At the beginning of 2010, EUDO was commissioned by the Socialists and Democrats group (S&D) of the European Parliament (EP) to study the impact of the Lisbon Treaty on the EP. To do so, the study mainly analyses the following four topics. First, how and in which policy areas the extension of co-decision can get the EP closer to citizens’ daily concerns and can reinforce the visibility of the EP. Second, how the influence of the EP towards other EU institutions can be maximised (focusing above all on newly established President of the Council, the High Representative and the External Action Service). Thirdly, the study analyses the reinforcement of national parliaments and its linked opportunities and challenges for the EP. Finally, the study sheds some light on the enhanced role of civil society under the Lisbon Treaty (above all on the Citizens’ Initiative) and on how the EP can maximize its political impact in cooperation with civil society.
The study, which was led by Professors Alexander H. Trechsel and Bruno de Witte, was concluded in April and was published in July 2010. To access the study, click here.
Since autumn 2009, the RSCAS participates in a new Marie Curie Initial Training Network (ITN) called “ELECDEM: Training Network in Electoral Democracy”. ELECDEM brings together 11 expert teams from 9 European countries to provide substantive and methodological training in voting behaviour and elections research to a cohort of early stage and experienced researchers. The objective of the network and associated projects is to evaluate the functioning of democracies in the context of globalisation and technological and institutional change.
The ITN run for four years with Prof. Mark Franklin, SPS Department and co-Director of the EUDO Observatory on Public Opinion, being the scientist in charge at the EUI.
ELECDEM held its final conference at the European University Institute from 28 to 30 June 2012. ELECDEM has taken a comprehensive approach to the study of electoral democracy using cross-nationally comparative databases, content analysis and experiments to examine the impact of globalisation, technological developments in communication and institutional change on representation and accountability. At the final conference, research findings will be disseminated and papers presented by researchers working on elections, political behaviour and political communication
Further information on ELECDEM can be found at: http://www.elecdem.eu/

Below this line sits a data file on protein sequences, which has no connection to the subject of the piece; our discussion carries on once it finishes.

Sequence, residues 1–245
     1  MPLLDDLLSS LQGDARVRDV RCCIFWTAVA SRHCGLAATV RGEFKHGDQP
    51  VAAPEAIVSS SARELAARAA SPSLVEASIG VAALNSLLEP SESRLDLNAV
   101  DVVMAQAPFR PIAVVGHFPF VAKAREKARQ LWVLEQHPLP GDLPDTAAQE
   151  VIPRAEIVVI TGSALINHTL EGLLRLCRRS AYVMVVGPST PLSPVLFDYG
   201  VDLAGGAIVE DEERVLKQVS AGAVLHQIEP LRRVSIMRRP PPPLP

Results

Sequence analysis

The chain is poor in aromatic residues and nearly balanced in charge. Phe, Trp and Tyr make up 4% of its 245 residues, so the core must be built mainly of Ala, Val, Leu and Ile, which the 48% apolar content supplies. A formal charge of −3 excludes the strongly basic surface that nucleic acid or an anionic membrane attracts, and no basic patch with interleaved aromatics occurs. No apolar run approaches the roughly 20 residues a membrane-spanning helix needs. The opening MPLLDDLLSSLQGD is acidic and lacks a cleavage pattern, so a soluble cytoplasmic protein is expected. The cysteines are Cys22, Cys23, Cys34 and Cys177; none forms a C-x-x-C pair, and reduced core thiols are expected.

EUDO is part of a larger international consortium that won a tender in the framework of the European Commission’s “Competitiveness and Innovation Framework Programme”, ICT Policy Support Programme (Objective Theme 3: ICT for Governance) for a three-year project entitled “Puzzled by Policy”. The project aims at informing, consulting, and empowering citizens in immigration policy-making in the EU by providing high-quality information on policy developments and by bringing together citizens and key policy actors to exchange ideas and policy proposals.
Since the inception of “Puzzled by Policy” in October 2010, EUDO has provided key inputs into the project. The experience gained from the design and implementation of EU Profiler were extremely valuable for the construction of the “Puzzled by Policy” platform, an online tool for engaging citizens and policy actors in immigration policy-making at the EU level and in four trial EU member-states (Spain, Italy, Greece and Hungary). Moreover, the “Puzzled by Policy” team at EUDO was responsible for the conceptualization of immigration policy issues, the mapping of policy developments at the EU and national levels, the documentation of policy positions and proposals of key policy stakeholders, and the design of the “Puzzled by Policy” profiler. The latter includes a questionnaire on current issues that cover a whole range of immigration policy agendas in the EU, including the movement of highly-skilled workers and students, family reunification, immigrant integration, temporary and seasonal migration, and irregular migration and return.